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Williams Feature: Sean Continues
By Matt McQueeny, NJNets.com
February 14, 2008
East Rutherford, N.J. --
Nets rookie Sean Williams did not start playing organized basketball until the summer before his senior year in High School. Digest that. It was just four years ago when he suited up for the first time, as a member of the Dallas Mustangs AAU team in the summer of 2003.
Tony Johnson - Founder, Executive Director, and Head Coach of the Mustangs – said that it was during that summer that he saw a tall kid sitting in the lobby outside of a gym where the Mustangs were playing a tournament. Johnson asked him who he played with, that kid - Sean - said nobody, and a match was made.
“I had one of the best AAU teams in the country,” said Johnson.
“We were just coming off of winning a back-to-back AAU Nationals and we needed a big guy. We had a kid about 6-2 to 6-4 and Sean was probably about 6-5 or 6-6. We needed a big kid so I just took him. I took him and he made a believer of me.”
“He was goofy,” laughed Johnson, of his first recollections of Williams. “He was tall, he was goofy, but he was very determined to learn how to play. He was athletic but he just didn’t have basketball knowledge. He was just a real big kid. He couldn’t catch it; he was real wild. The kids he was playing with said ‘Coach Tony, he isn’t going to make it’.”
But once committed to basketball, Sean really put in his work, getting in the gym for workouts and practices several times a week. He had a steep learning curve but he made headway quickly, and by April of 2004, it seemingly clicked.
“We played a kid from the D.C. Blue Devils (AAU Team) who was supposed to be one of the best big kids in the country…and I put Sean in the game and I couldn’t take him out,” said Johnson. “He just dominated everything. He dominated the boards, he dominated the blocks, the guy he was playing couldn’t get a shot off, and then from there on he just got better and better and better.”
“After that game, I sat Sean down and said ‘you can really play, man. Whoever’s telling you that you can’t play is messing with you.’ From then on, he just took it seriously.”
“I had other AAU coaches laughing at me. ‘What are you going to do with that goofy (kid)?’ After that April, they weren’t laughing anymore. Nobody was laughing now. Everybody said that it wasn’t even the same Sean Williams.”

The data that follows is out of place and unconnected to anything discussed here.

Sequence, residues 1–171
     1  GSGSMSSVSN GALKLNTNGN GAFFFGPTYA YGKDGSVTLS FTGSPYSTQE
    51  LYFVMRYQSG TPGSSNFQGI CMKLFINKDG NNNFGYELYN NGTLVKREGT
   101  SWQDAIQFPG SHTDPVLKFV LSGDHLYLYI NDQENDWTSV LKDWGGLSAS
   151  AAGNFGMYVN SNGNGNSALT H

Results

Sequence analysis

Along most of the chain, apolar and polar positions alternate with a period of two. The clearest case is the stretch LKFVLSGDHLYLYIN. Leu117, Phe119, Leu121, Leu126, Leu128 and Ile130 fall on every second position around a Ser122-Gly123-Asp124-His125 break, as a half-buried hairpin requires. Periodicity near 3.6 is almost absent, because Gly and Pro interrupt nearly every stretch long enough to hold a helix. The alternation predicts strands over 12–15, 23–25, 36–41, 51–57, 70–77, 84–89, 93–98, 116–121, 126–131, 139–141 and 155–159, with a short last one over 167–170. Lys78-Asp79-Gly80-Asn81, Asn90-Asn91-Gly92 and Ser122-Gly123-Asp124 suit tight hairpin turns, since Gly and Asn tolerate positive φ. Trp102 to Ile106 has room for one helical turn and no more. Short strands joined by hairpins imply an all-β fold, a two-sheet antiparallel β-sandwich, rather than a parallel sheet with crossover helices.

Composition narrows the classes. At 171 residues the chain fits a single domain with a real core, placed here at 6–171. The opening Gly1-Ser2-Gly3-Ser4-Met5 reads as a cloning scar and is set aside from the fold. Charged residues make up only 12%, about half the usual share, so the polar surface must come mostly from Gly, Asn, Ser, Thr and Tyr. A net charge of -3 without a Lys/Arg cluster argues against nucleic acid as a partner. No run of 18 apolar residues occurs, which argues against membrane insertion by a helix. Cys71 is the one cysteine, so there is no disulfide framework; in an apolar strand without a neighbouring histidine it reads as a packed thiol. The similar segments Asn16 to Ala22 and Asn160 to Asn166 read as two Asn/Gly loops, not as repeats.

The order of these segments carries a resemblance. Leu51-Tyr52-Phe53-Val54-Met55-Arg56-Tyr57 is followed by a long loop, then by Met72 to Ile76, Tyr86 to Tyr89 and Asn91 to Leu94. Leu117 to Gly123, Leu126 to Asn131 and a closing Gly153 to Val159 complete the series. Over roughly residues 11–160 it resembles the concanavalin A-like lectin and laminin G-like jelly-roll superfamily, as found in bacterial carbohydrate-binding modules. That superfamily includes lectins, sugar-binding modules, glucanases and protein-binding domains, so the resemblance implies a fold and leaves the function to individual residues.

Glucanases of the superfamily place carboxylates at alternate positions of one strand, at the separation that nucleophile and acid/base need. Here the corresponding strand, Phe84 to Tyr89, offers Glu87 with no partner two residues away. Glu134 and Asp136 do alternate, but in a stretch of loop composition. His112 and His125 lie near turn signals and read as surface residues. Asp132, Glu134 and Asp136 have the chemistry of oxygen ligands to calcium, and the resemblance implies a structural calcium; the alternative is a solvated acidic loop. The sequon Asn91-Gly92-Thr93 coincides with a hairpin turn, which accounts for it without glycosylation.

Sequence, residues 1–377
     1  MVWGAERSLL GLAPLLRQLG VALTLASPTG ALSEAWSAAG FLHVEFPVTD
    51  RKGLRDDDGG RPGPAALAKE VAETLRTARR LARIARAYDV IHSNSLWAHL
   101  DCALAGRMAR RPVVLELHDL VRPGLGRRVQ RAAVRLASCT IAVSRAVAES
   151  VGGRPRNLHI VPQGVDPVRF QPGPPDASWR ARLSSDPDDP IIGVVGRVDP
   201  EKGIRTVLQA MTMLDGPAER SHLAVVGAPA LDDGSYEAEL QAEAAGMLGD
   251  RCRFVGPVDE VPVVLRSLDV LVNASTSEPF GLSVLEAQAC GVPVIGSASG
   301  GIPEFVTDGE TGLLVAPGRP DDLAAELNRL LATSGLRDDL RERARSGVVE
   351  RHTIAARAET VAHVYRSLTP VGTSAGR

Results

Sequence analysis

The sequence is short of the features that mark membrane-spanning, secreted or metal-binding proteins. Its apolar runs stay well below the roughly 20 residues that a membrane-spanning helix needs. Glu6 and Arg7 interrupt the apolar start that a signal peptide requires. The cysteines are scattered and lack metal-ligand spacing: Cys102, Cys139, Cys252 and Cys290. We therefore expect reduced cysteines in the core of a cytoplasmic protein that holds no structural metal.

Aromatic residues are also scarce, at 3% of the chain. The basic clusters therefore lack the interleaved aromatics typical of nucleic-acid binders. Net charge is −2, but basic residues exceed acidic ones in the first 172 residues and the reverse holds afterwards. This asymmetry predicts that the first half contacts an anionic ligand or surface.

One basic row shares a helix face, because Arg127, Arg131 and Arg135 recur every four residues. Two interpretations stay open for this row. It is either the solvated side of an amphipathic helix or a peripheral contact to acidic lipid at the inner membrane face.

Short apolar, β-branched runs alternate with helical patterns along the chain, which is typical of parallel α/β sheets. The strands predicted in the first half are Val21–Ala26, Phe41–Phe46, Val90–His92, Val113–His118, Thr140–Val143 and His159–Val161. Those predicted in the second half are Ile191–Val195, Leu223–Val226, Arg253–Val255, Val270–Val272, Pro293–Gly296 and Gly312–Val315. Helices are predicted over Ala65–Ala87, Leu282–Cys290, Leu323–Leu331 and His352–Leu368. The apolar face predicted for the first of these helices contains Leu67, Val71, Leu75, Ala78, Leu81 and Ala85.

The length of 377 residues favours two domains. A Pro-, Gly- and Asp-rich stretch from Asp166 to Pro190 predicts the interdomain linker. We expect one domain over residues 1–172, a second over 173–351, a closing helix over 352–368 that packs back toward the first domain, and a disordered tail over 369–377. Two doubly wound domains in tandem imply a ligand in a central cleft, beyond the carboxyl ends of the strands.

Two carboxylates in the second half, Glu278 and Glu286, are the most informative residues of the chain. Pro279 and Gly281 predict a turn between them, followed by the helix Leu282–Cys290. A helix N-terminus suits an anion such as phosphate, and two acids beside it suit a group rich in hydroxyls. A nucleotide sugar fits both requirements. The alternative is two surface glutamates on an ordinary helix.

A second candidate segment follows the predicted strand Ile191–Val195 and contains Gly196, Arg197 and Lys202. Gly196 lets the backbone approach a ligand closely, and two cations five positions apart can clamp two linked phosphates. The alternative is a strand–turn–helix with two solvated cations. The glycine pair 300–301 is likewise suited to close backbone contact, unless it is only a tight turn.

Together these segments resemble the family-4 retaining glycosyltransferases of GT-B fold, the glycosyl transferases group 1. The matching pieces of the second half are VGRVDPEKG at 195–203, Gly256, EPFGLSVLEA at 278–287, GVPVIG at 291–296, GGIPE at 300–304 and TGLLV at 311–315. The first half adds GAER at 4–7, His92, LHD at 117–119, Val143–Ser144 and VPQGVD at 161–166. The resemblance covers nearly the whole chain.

From that point, his hunger and confidence were further fueled. He also started displaying the jaw-dropping, crowd-pleasing aspects of his game that he has shown in the NBA.
“We played a team out of New York and Sean had 17 blocks and he took away four dunks,” related Johnson. “And the gym was so crowded, it was standing room only. Everyone was standing around the gym and they were all in the stands. And he just really put on a show.”
And here he is in the NBA and on his way to all-star weekend to play in the T-Mobile Rookie Challenge and Youth Jam. The funny and interesting thing about Sean is that according to him he didn’t even play for fun in pick up basketball games.
“I sometimes played in the front yard at my grandmother’s house on like a nine-and-a-half foot goal against my little cousins.”
When you take all that into consideration, it’s unbelievable how far the born-to-shot-block 21 year-old kid has come.
“Three, four years ago, in college and high school, I was jokingly shooting shots from the (low) block and making them every now and then,” chuckled Williams, who has shown the ability to hit a mid-range shot, as well as a hook shot, in games this year.
“It’s just playing with the ball. I’m new to this game still. I’ve only been playing about four or five years. I just love feeling the ball and the leather. Every day I feel a different groove on the ball.”
And every day he seems to show a new facet to his emerging game.
“I feel like I’m improving definitely rebounding wise…Every time the ball goes up, you have to put a hand on your man and get between him and the basket and then go to the basket and get the rebound…And then just working on my overall game every day, trying to get my shot better, my touch, working with big Bill (Cartwright) getting my touch right, and just trying to learn the defensive schemes that L (Head Coach Lawrence Frank) throws at us.”
“He’s done a lot,” notes Frank, assessing the rook’s first season to date.